Greene has expressed support for a range of alarming conspiracies, including the belief that the 2018 Parkland school shooting that killed 17 people was a “false flag.” That belief prompted two teachers unions to call for her removal from the House Education Committee — one of her new committee assignments.

The vote on a resolution to remove Greene from her committee assignments broke along party lines, with nearly all Republicans opposing the resolution. Some of her colleagues even voted in Greene’s defense in spite of condemning her behavior in the past.

As the House moved to vote on the highly unusual resolution, the new Georgia lawmaker claimed that her embrace of QAnon was in the past.

“I never once said during my entire campaign ‘QAnon,’ ” Greene said Thursday. “I never once said any of the things that I am being accused of today during my campaign. I never said any of these things since I have been elected for Congress. These were words of the past.”

But as the Daily Beast’s Will Sommer reported, a deleted tweet from December shows Greene explicitly defending QAnon and directing blame toward the media and “big tech.”

In another recently-uncovered post from January 2019, Greene showed support for online comments calling for “a bullet to the head” for House Speaker Nancy Pelosi and executing FBI agents.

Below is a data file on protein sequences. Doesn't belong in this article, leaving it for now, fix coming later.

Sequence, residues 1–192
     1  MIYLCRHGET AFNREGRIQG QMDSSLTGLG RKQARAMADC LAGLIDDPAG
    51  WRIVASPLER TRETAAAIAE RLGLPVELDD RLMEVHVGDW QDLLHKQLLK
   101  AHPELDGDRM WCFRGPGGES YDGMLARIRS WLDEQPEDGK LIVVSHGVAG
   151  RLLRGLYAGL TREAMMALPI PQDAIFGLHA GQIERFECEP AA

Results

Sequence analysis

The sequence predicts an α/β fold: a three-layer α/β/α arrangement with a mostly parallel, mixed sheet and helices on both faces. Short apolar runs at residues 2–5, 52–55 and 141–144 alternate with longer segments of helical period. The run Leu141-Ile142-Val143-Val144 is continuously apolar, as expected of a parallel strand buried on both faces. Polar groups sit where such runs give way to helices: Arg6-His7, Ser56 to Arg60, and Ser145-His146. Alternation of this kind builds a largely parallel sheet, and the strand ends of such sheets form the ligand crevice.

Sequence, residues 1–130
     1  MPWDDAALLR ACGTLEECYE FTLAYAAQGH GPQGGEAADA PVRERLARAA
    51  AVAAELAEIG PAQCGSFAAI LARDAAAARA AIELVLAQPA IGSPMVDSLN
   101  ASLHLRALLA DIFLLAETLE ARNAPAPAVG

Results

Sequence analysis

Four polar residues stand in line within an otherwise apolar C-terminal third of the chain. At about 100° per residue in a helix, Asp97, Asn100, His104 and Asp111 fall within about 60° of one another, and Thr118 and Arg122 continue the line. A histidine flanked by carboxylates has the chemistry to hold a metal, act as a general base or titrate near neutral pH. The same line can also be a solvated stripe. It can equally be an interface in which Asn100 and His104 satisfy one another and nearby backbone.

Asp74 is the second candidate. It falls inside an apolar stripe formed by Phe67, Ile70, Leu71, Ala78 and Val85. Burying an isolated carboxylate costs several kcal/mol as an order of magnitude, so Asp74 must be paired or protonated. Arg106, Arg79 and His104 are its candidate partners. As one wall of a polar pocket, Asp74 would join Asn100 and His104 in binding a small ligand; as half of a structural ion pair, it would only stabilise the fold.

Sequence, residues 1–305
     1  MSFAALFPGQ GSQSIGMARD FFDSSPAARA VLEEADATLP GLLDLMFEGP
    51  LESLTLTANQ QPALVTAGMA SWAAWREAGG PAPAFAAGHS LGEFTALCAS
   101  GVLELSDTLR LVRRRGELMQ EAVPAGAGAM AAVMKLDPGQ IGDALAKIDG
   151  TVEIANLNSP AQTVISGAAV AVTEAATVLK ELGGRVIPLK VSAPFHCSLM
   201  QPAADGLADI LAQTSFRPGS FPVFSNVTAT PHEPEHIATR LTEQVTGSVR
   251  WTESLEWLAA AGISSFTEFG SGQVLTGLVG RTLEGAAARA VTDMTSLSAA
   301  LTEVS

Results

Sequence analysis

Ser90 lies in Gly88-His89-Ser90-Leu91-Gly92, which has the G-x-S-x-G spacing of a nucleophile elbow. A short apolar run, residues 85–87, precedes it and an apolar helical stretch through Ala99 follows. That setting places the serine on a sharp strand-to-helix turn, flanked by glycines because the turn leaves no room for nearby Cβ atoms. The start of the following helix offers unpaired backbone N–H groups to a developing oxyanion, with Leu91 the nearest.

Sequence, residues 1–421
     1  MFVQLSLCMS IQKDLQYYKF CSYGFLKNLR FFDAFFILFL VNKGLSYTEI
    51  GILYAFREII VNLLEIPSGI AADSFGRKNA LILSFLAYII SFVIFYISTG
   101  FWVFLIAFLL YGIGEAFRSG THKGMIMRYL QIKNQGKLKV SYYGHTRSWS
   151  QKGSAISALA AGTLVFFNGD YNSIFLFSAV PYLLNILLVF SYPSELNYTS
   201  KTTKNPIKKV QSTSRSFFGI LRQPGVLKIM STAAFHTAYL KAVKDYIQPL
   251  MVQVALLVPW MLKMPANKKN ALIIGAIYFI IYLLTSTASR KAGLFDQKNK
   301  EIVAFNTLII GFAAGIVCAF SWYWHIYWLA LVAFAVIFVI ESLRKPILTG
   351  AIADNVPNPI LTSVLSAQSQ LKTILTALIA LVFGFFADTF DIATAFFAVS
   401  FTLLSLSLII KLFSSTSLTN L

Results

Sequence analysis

Greene has also shared openly racist, Islamophobic and anti-Semitic views in Facebook videos, a track record that prompted Republican House Minority Leader Kevin McCarthy to condemn her statements as “appalling” last June. More recently, McCarthy defended Greene against efforts to remove her from committees.

Greene was elected in November to represent a conservative district in northwest Georgia after her opponent Kevin Van Ausdal dropped out, citing personal reasons. Greene beat her opponent in the Republican primary in August, winning 57% of the vote.

QAnon, a dangerous once-fringe collection of conspiracy theories, was well-represented in January’s deadly Capitol riot and many photos from the day show the prevalence of QAnon symbols and sayings. In 2019, an FBI bulletin warned of QAnon’s connection to “conspiracy theory-driven domestic extremists.” A year later, at least one person who had espoused the same views would win a seat in Congress.

The overlap between Greene’s beliefs and those of the violent pro-Trump mob at the Capitol escalated tensions among lawmakers, many of whom feared for their lives as the assault unfolded.